It's the expected line, it's a line that fits in with my politics and beliefs – a line that beautifully raises a middle finger to the face of people who use words like "lifestyle" and "choice", and a line that neatly captures what I consider to be an immovable truth: that, yes, we're born that way.
But it is not my line. I've always been gay, but I have not always known it. And I've often wondered if I'm less a part of the team because of it?
I was a cute-ish, blond, curly-haired cherub in my primary school years – the boy in the class who had the most 'girlfriends' to chase around the playground at lunch – and then, in my fatter, pimplier, teenage years, a tragic case who yearned for girls that wanted little to do with me. In my early 20s, with my skin de-oiled, hair de-frizzed and body suddenly rid of about 30 kilos of puppy fat, my fortunes changed: I didn't have them lining up, but I did alright on the weekend visits to World Bar (Sydney rite of passage).
All along, it was girls, girls, girls who were on my mind. It wasn't play-acting, either – these weren't beards. Being gay had not even crossed my mind until an almost-epiphany in my mid-20s.
Though it had crossed the minds of others around me.
I recently wrote an essay about 'coming out' for my book, We're All Going to Die (Especially Me), in which I wrestled with the idea of having not 'always known'. How, I wondered, could something so central to who I was fly under my own radar for so long? On reflection, I realise that it hadn't really.
All my life, people had been telling me I was gay in one way or another, in one tone or another. In primary school, kids would helpfully tell me I was a fag and that I spoke like a chick and walked like a duck. In high school, it continued along similar lines, just with more profanity and the odd shove. There were friendlier, more genuinely helpful exchanges, too: in my 20s, a girl I had just slept with asked me as I sat on the edge of her bed, huffing and puffing from what I had felt was a rigorous and satisfying 7 minutes, if I was sure that I wasn't, you know, gay?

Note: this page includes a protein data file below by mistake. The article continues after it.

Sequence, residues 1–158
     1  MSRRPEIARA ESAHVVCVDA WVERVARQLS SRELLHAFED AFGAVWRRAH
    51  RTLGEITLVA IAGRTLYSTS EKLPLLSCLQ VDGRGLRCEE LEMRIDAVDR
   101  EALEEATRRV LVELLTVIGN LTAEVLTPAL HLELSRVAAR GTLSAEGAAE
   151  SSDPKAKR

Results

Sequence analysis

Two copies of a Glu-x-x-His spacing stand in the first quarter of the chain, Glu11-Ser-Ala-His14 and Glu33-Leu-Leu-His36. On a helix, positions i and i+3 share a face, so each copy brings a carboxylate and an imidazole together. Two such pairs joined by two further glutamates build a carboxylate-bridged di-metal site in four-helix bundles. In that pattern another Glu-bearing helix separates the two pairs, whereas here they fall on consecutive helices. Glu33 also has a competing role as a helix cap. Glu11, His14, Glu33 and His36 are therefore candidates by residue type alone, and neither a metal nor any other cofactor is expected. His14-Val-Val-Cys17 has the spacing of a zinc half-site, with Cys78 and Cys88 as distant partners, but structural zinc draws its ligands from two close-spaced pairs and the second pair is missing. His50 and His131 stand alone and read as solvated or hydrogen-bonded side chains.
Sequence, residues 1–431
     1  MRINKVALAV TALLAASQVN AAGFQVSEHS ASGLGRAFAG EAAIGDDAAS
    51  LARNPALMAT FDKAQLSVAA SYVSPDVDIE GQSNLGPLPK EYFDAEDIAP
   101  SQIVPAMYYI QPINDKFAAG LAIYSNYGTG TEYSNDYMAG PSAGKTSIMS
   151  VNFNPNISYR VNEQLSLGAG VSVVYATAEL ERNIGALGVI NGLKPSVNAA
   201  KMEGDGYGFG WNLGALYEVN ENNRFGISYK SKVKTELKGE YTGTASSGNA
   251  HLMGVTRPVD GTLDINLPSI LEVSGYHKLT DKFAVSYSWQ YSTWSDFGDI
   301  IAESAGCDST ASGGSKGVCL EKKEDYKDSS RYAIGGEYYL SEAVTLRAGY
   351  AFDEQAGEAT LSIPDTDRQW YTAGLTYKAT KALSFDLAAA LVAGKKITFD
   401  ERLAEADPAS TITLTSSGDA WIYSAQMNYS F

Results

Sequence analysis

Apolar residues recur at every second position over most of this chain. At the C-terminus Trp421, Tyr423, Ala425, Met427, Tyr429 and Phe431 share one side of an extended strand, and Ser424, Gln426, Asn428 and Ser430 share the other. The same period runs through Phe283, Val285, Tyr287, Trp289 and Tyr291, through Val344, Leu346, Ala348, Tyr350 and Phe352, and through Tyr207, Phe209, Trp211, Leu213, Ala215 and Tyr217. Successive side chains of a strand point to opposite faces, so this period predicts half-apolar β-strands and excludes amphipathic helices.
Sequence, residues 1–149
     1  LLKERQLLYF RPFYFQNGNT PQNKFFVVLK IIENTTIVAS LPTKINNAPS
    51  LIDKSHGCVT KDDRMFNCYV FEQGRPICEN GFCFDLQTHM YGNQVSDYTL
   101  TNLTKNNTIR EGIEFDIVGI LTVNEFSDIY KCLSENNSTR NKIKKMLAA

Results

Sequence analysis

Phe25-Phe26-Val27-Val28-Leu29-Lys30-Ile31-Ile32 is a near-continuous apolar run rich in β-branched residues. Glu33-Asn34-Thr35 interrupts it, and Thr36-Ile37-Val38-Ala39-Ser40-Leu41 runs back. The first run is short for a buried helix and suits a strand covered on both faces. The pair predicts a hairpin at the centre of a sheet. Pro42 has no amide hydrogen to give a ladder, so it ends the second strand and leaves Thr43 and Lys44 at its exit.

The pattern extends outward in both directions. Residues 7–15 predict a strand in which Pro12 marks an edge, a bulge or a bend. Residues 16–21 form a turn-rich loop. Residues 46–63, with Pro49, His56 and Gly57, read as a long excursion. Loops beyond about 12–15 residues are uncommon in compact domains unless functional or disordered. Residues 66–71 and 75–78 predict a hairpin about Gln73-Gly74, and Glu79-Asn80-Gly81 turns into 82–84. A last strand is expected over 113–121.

My epiphany came not long after that.
I had denied and denied and denied being gay since I was five or six – so much so that it became a part of who I was. When I think about it, I probably have never really thought of myself as 'straight' in the traditional enjoys-watching-Rugby-league-for-reasons-other-than-the-players'-legs sense, but I was, as far as I could tell, definitely "not gay". Because that's the thing I'd been picked on for since I had any idea what it was. And there was no way I was going to be that.
Until, of course, I realised that I was… much later than most people.
As my newly outed gay friends and I sat around that table drinking our too-frothy beers and telling our stories, though, it turned out that mine was just as interesting as theirs. It was also, in a way, the most different – the most unexpected. Because it was not the line we'd heard so often.
And I think it's important we hear as many different lines, as many different tales, as possible. One of the joys of coming out is the new comfort you feel in being different, how wonderful being different is; you don't want to feel you have to be different in the same way.
You might have known you were gay since you were six, or known since you slept with that RAAF officer six days ago – either way, or any other, you should feel as gay, fabulous and welcome to the club as anyone else.